Kitchin, Sue Musette Satterfield

Kitchin, Sue Musette Satterfield

William Walton Kitchin with his wife, Musette Satterfield Kitchin, 1912. Image from the Library of Congress.by Marie Sharpe Ham, Debra A. Blake, and C. Edward Morris. Excerpted from North Carolina's First Ladies, 1891-2001, copyright 2001. Reprinted with permission from North Carolina Historical Publications, North Carolina Department of Natural and Cultural Resources.

10 Mar 1874 - 4 Nov 1956

See Also: William Kitchin - Dictionary of North Carolina Biography; Governor William Kitchin - Research Branch, NC Office of Archives and History;  First Ladies and Gentlemen of North Carolina NCpedia collection.

Charming and charismatic, Musette Kitchin, wife of Governor William Walton Kitchin, was comfortable with the entertaining necessary to a governor's wife. During her husband's administration, the Executive Mansion was often full of family and friends and was the residence of a large number of people. In addition to the family of seven, two of her sisters lived with them, and, during one winter, two of Governor Kitchin's brothers did likewise. Musetts Kitchin also hosted "at home" days during which many people visited the mansion. As an obituary in the Scotland Neck Commonwealth (November 9, 1956) declared, she will be remembered "for her personal charm, friendliness, and quality of character. ... " An editorial in the same issue noted that she "graced the Executive Mansion and charmed all who visited. But she never let this great prestige affect her outlook on life or her attitude toward others." She had  an innate ability to remember names and always made people feel at ease by calling their name whenever she met them.

In spite of a decline in her husband's income (the governor's salary was $4,000 plus $500 for entertaining, and William Kitchin had earned more than $7,500 as a congressman), Musette Kitchin hosted numerous parties and stayed within the budget. Because the governor ran on a platform of cutting the budget, no renovations or redecoration occurred during his tenure in the Executive Mansion. In a much later newspaper article (Raleigh News and Observer, February 6, 1938), Musette Kitchin commented on the plain (even ugly in spots) comfort of the house while she and her husband had resided there. She did, however, purchase a piano and some flat silver for the mansion.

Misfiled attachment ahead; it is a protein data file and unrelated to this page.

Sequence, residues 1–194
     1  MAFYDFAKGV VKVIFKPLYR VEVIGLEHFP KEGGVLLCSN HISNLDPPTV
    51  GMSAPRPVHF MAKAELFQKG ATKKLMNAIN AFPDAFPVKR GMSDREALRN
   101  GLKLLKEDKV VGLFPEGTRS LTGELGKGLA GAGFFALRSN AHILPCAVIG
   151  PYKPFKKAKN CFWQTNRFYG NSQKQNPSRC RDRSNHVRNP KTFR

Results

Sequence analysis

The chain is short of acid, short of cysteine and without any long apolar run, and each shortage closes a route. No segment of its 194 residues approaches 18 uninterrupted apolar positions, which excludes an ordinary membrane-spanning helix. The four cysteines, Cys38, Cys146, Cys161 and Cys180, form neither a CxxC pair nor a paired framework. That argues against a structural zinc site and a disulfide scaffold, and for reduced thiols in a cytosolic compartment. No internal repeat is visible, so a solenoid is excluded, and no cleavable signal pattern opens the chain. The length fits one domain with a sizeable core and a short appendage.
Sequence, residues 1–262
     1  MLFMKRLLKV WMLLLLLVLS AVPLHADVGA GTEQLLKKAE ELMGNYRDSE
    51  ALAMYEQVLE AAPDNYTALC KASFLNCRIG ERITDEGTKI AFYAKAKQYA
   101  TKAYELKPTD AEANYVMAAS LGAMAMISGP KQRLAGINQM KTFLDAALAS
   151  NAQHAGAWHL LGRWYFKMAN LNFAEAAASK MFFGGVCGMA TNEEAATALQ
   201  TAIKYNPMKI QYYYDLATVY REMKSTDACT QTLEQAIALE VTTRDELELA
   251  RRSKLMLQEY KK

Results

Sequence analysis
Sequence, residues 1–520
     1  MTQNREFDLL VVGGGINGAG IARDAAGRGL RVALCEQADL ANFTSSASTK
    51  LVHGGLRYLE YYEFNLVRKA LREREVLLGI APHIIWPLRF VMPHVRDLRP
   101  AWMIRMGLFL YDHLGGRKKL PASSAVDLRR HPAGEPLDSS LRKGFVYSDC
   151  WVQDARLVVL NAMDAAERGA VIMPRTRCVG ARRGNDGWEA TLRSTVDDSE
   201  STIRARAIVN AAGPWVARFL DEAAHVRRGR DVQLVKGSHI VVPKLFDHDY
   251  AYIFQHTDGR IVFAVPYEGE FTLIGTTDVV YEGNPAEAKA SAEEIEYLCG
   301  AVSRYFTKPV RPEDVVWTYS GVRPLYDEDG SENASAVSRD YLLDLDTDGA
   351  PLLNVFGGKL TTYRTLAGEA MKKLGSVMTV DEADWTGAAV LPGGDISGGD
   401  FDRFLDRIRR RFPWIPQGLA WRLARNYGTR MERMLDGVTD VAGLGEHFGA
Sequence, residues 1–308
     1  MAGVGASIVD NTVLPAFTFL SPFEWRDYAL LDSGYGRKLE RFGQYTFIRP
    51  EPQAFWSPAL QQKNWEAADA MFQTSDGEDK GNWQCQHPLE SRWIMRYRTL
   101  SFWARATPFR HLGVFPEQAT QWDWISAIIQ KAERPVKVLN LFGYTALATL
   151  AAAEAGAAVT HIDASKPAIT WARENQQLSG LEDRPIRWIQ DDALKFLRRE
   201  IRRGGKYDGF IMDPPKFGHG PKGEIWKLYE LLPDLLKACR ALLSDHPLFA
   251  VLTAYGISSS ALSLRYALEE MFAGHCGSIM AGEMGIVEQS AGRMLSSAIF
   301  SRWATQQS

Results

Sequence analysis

Born in Roxboro to William Clement Satterfield and Sue Temesia Norwood Satterfield on March 10, 1874, Sue Musette Satterfield graduated from Greensboro Female College (now Greensboro College) in 1891 and married William Walton Kitchin on December 22, 1892. They had six children: Sue Arrington was born October 22, 1893 , and later married William Thomas Joyner; William Walton Jr. was born in 1895 and died when he was ten years old; Anne Maria was born October 23, 1897, and later married Edward Llewellyn Travis; Elizabeth Gertrude was born December 19, 1899, and subsequently married Germaine Simpson Brown; Clement Satterfield was born June 19, 1902, and never married; and Musette Satterfield was born August 10, 1906, and later married Sam Arrington Dunn Jr.

Musette Kitchin was concerned about the education of her children and took them to opera per­formances. It was important to her that the children learned to appreciate music. She also took time at night to read Bible stories to them and give each one some personal attention . Even though she was a Methodist and the governor was a Baptist, the family alternated between churches of both faiths, and each child eventually made his or her own decision about which denomination to choose.

In Scotland Neck, their hometown, Musette Kitchin belonged to numer­ous civic organizations. She was also active in the Scotland Neck Methodist Church, where she served on the board of stewards, and was a director of the Methodist Orphanage. At the end of Governor Kitchin's term in office, the family remained in Raleigh as he entered a law practice with Judge James S. Manning. William Kitchin suffered a stroke in 1919, and the family retired to Scotland Neck. Musette Kitchin resumed her social and civic activities in that town and again became involved in church activities.

Musette Satterfield Kitchin died November 4, 1956, of a brief illness after suffering a heart attack. She died in the hospital in Tarboro and was buried in the Baptist Cemetery in Scotland Neck.

References: 

Ham, Marie Sharpe, Debra A. Blake, and C. Edward Morris. 2001. North Carolina's First Ladies, 1891-2001. Raleigh, N.C.: Executive Mansion Fine Arts Committee and Executive Mansion Fund.

Image Credits:

Harris & Ewing. "Kitchin, William Walton. Rep. from North Carolina, 1897-1909; Governor, 1909-1913. with Mrs. Kitchin." Photograph. 1912. Harris & Ewing Collection. Prints and Photographs Division, Library of Congress. http://www.loc.gov/pictures/item/hec2008000702/ (accessed April 12, 2013).

Chappell, R. L. [Kitchin Family photo, early 1906]. N_2000_6_32. Photograph. State Archives of North Carolina.

Years: 
1874 - 1956

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